This also ties to the space required issue. Unless you want to move your TV and PS5 around the house every time you use the VR2, you’re pretty much stuck playing where they are rooted. In all other ways the PS VR2 destroys the Quest 2, but I think I’ll still be making use of the standalone unit when I want to play more freely in the spare room.
That’s a big chunk of “issues” but I think it’s more of a “things to note” if I’m being honest. Given the high cost of PS VR2, it’s worth knowing about the pitfalls beforehand.
These notes aside, I can say without any doubt whatsoever that PlayStation VR2 is incredible. This article’s intro said as much, really, so that shouldn’t be a surprise. VR isn’t a perfect, finely-tuned thing yet, so issues exist, but most can be overlooked given the bigger picture. And that picture is essentially the paintings from Mario 64, and you’re jumping into them.
If you have experienced some of the PC VR space heavy hitters (Half-Life: Alyx, for example, which I’d love to see on VR2), the sense of amazement here might be lessened somewhat, but I defy anyone to sit through the opening of Horizon and not feel like they’re experiencing the future. One point early on almost saw me eat dirt, such was the sense of being there when a dramatic moment played out all around me.
It’s worth touching on the clarity of the image on PS VR2. If you’re new to VR this might come as a bit of a surprise, as while Sony’s new headset is leagues ahead of its original unit for the PS4 you’ll notice it’s not as sharp as looking at your 4K TV (if you own one). This is the best-looking image I’ve seen on a VR headset (although I haven’t used the latest PC VR sets), but you’re still jamming two tiny displays up against your eyeballs, which means things have a softer appearance than you might expect. It’s something you adjust to and sort of ignore after a while. Even so, you can easily tell you’ve been using a superior product when switching to something like the Quest 2.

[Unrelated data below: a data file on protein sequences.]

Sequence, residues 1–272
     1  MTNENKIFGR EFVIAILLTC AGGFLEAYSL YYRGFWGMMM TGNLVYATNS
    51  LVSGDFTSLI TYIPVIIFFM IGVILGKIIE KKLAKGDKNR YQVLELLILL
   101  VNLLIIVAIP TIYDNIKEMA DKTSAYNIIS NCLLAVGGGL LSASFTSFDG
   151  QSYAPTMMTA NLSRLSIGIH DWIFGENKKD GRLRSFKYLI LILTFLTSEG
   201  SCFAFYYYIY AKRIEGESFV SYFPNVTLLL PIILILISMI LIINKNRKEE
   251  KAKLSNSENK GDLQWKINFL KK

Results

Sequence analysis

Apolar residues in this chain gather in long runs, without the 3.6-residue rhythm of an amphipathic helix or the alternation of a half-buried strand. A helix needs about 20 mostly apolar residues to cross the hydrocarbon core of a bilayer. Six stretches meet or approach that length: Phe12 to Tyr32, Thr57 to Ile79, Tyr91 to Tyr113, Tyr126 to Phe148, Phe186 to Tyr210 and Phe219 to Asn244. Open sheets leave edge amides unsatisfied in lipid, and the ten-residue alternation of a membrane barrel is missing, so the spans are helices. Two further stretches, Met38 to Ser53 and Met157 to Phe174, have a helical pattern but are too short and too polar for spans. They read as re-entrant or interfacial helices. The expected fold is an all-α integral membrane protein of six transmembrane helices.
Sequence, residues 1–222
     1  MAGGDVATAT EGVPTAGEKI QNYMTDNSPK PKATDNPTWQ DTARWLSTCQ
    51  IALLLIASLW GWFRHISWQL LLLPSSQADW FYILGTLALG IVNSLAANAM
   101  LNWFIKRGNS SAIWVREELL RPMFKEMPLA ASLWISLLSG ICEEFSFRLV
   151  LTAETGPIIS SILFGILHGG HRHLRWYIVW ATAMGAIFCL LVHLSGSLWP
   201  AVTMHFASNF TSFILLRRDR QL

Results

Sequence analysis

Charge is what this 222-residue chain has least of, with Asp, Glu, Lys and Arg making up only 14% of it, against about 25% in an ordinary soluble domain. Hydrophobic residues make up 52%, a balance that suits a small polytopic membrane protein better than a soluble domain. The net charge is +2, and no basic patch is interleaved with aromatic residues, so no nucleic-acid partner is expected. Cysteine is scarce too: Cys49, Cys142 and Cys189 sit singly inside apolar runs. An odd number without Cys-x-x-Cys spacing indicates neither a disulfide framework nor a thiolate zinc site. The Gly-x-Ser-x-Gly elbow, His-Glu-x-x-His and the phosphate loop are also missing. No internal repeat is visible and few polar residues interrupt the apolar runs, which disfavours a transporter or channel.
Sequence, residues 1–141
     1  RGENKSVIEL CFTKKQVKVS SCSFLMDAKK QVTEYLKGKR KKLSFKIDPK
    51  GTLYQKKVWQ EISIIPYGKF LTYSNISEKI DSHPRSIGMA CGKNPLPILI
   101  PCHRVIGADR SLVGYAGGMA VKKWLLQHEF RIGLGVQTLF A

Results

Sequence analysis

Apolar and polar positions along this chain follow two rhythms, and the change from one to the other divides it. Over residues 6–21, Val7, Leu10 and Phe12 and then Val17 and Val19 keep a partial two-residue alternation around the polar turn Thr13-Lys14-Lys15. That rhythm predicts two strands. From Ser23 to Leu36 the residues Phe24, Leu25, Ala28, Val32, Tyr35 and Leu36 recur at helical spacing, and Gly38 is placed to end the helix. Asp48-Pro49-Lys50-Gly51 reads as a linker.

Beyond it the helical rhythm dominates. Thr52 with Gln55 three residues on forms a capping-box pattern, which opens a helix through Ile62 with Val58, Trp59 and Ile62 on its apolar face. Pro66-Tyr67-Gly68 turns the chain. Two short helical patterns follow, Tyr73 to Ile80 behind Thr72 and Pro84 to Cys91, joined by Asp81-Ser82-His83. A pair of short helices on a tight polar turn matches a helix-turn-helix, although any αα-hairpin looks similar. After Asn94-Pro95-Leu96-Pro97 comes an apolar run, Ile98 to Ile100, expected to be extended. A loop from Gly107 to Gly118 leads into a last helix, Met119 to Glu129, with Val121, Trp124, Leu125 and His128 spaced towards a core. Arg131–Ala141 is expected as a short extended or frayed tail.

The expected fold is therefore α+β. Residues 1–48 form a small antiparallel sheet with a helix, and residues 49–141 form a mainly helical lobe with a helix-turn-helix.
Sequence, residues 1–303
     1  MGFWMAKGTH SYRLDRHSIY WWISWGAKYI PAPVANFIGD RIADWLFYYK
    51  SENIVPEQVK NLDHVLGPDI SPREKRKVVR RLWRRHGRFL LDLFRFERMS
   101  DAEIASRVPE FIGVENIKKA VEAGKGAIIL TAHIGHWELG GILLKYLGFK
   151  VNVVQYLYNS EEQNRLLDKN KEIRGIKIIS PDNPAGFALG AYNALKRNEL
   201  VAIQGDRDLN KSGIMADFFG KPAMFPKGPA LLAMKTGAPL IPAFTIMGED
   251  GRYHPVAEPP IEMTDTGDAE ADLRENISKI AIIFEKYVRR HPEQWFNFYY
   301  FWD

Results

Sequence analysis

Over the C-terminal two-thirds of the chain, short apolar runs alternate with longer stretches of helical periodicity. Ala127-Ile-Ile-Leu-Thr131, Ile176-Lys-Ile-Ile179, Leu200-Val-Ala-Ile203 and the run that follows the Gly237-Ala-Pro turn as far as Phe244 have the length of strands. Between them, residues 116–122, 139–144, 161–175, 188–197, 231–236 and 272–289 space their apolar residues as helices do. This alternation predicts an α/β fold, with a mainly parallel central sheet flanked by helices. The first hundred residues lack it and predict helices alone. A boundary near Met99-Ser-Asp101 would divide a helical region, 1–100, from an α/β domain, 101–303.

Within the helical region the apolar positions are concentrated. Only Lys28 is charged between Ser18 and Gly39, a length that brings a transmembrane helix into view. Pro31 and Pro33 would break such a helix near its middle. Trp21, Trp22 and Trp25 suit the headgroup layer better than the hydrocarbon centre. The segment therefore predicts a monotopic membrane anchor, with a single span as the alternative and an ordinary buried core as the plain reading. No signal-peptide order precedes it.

A special shout out to the audio, too. The included ear buds are decent enough and clip to the headset to avoid getting in the way, and they offer solid 3D surround sound. You’ll be better off using your own headphones, although if you have a USB set you’ll need to plug them into the PS5, so take that extra cable into account and make sure it’s long enough to stretch from the PS5 to where you’ll be playing.
As with other VR headsets, PS VR2 also lets you use a cinematic view to slap a large screen display in front of your eyes – like being at a virtual cinema. This is neat, letting you play non-VR PlayStation games and use video apps. If you’re comfortable being in VR for long periods of time this is a great way to watch films in what amounts to your own private cinema screen.
VR is all about taking you into the virtual world and PlayStation VR2 does that beautifully. Much of the value will come from the games that are developed for it, but even at launch (which isn’t packed with big-hitters, it must be said) there’s plenty to choose from. Horizon has the wow factor, Gran Turismo 7 is the core game but in VR, Resident Evil Village treads the tried and tested path that Resident Evil 7 walked so well, and smaller but no less impressive VR offerings come in the shape of Rez Infinite, Tetris Effect: Connected, What the Bat?, Job Simulator, Pistol Whip, Moss 1 & 2 Remasters, and more.
What of the future, though? Will we get God of War in VR? Spider-Man? Big game franchises aren’t everything as the best are often the quirkier titles from indie devs, but as this is Sony’s headset it’s fair enough to expect its biggest titles to appear. What about a new Astro Bot? Please! I’m sure games will come, and they need to in order to sell the PlayStation hardcore fanbase on a peripheral that costs more than the PS5 itself.
I know I’ve spent a lot of this review more or less trying to convince you not to buy the PlayStation VR2, but I just feel that you should be aware of what you’re getting. I think VR is incredible and PS VR2 is the best VR experience I’ve had in terms of hardware, but this isn’t a cheap toy you can take a gamble on – at least not for most people. It’s also hard to properly explain (or show) what VR is like to be in. You can say how immersive it is, how much of a generational leap it feels to be part of, but you can’t know until you make that leap yourself. VR isn’t going to replace traditional gaming, but it can exist on its own path alongside it – a path that, for me, is lined with excitement.
In a way not buying into PS VR2 is the easy choice to make. You can’t truly know what you’re missing until you’ve experienced it, so it’s not hard to cover your eyes and ears to what the VR world offers. Despite offering a more breathtaking experience than the PS5 (or any console) itself, it’s a hard sell. If, however, you want to be part of the cool gang that doesn’t just look into virtual worlds but actually inhabits them, £530 might end up feeling like the best money you’ve ever spent.